This Hatchet team was coached by Illinois native Dick Jones the year before Larry Bird started to play varsity. They came within a point of beating Springs Valley.

Valley/Hatchet tilts were always nail biters during this duration. The Blackhawks beat Jones in his first year at Washington by a single point, 58-57. Steve Land, a junior, led the Blackhawks to victory with 22 points, making all his free throws and his last eight attempts from the field. Washington’s Kim Murray had 17 points and was the leading rebounder in the close battle.

Steve Land grabs a rebound against the Hatchets in a 58-57 victory.

The next year Valley won the annual early season game with the Hatchets in an overtime, Land getting all four tips at the start of the quarters and then in the overtime round. Junior Larry Bird “gave Valley fans quite a thrill with four straight baskets from deep in the corner” in a third quarter scoring binge reported one sportswriter, keeping the Blackhawks in the game, but Valley could not put the Hatchets away.

Many basketball fans are unaware that Steve Land was the big gun for Springs Valley in Larry Bird’s junior year.

Washington was still ahead as the last seconds ticked down until Steve Land tied the contest with a late shot to send the contest into overtime. Then Land scored two key baskets in the extra session to bring Valley the win 74-72. Land and Bird shared scoring honors with 16 points each.

The game was played on Thanksgiving eve in 1972, and the Paoli newspaper carried this sports headline the next day- Blackhawks Bury Hatchets by giving them the Bird. Dick Jones would be replaced as coach at the end of the year, having a less than break-even season and again losing to Loogootee in the sectional. Valley’s coach, Jim Jones, meanwhile, was on his way to his best regular season record at Springs Valley of 18-2. The year ended, however, with an unexpected and bitter loss to Orleans in the semi-final round of the sectional. Jim Jones, perhaps from the shock of the unexpected sectional loss, retired from coaching and moved to the AD position.    

The next year looked to be one of rebuilding for new Springs Valley Coach Gary Holland. Gone was record setting Steve Land and the two other senior starters, Danny King and Tony Clark. Holland later said local fans thought the Blackhawks would be lucky to win half their games.

Young Gary Holland in his first year as head coach. Larry Bird is sitting next-to-the-last on the far end of the bench.

Valley easily beat a Pekin Eastern team in their opening game and then faced the Washington Hatchets in the Valley gym, the Hatchets coached by new head-man Don Rogers. What transpired was a rugged marathon that left players, coaches, and fans exhausted, the contest having more twists and turns than an Orange County back road.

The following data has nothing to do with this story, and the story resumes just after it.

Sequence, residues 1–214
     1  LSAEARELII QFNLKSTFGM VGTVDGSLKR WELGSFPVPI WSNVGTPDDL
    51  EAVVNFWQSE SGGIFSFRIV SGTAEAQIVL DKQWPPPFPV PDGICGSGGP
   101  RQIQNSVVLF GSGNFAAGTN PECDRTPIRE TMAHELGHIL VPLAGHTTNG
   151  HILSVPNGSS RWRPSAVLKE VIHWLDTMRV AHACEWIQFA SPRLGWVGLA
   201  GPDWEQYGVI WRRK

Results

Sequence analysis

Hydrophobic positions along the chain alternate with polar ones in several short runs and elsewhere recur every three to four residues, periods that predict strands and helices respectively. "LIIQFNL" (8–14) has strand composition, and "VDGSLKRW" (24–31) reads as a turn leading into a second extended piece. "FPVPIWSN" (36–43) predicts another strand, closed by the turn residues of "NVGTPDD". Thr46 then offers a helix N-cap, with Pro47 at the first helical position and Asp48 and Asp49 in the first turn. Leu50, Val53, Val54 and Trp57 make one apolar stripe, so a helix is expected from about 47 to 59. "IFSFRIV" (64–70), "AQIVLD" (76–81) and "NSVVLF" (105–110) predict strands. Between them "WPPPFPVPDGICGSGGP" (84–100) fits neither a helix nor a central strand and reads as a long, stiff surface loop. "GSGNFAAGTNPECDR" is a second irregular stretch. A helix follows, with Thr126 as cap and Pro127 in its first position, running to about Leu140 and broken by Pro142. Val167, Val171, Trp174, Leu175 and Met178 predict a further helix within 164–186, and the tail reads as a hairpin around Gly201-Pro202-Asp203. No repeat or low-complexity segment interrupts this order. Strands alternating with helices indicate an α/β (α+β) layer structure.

By this late in the season game against Vincennes, Washington had started to unravel.

Larry Bird started the fireworks when he blocked a shot, grabbed the ball, and threw it down court to John Carnes who was then fouled and made one of two foul shots. Bird’s block and long baseball type pass brought Valley fans to their feet. Valley seemed to be cruising to a victory at the end of the first quarter, leading 17-11.

By the fourth quarter the lead had changed hands several times and with seconds to go Valley had a two point lead and the seeming victory. Then Hatchet Ron Arnold broke through with a driving layup at the buzzer, sending the game into overtime. Again, Valley was ahead with just a few seconds to go and a two point lead, but the Hatchets stole the ball and Kevin Anderson scored with three seconds to go, sending the game into a second overtime session.

Larry Bird gets the tip against Washington but the Hatchets win the game in a grueling double overtime.

The final overtime was all Washington Hatchets. They ended up winning 80-72 with 5-9 Joe Collison bombing in 34 points. Bird would end up with twenty-seven. Coach Rogers’ team went on to achieve a 8-2 record early in the season before losing six of the seven next contests and ending up with a 13-7 regular season tally. The Hatchets almost gained the sectional crown in their own gym, losing by a single point in a slow-down game against Loogootee, another let-down.   

Sports reporters were certainly aware of Hatchet player Joe Collison’s shooting abilities.

But for all the possible frustration among Hatchet players for not doing better than they hoped in the regular season and at sectional time, the 1973-1974 team could claim something few other teams or players could say, something that looms large in the basketball world— they had beaten Springs Valley and Larry Bird straight-up in an Indiana high school basketball game and nothing, not even the passage of time, can take that accomplishment away from them.